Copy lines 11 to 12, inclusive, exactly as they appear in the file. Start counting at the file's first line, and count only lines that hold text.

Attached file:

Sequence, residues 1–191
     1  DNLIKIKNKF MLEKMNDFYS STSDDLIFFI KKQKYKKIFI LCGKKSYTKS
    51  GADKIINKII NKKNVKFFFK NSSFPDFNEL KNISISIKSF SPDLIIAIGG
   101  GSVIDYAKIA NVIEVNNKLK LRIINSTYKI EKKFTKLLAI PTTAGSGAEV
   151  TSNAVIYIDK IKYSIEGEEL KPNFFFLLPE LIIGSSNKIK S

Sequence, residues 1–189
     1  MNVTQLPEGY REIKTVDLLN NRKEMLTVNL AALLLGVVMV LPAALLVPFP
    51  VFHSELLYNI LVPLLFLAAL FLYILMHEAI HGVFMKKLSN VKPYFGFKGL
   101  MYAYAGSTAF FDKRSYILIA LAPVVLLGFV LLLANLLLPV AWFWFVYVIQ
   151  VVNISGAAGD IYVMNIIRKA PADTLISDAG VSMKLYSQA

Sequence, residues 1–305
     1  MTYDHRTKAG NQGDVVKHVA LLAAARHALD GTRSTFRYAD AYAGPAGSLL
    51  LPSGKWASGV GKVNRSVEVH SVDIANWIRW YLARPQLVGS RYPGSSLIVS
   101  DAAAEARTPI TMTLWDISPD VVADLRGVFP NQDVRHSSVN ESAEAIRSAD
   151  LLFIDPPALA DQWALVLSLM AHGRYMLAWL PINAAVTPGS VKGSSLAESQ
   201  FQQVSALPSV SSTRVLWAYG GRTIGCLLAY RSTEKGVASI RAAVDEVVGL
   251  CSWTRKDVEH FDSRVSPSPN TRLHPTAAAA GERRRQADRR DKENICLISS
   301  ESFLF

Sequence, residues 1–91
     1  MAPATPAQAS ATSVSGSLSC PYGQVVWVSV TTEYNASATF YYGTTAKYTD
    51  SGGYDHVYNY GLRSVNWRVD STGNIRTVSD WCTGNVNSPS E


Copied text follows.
Sequence, residues 1–305
     1  MTYDHRTKAG NQGDVVKHVA LLAAARHALD GTRSTFRYAD AYAGPAGSLL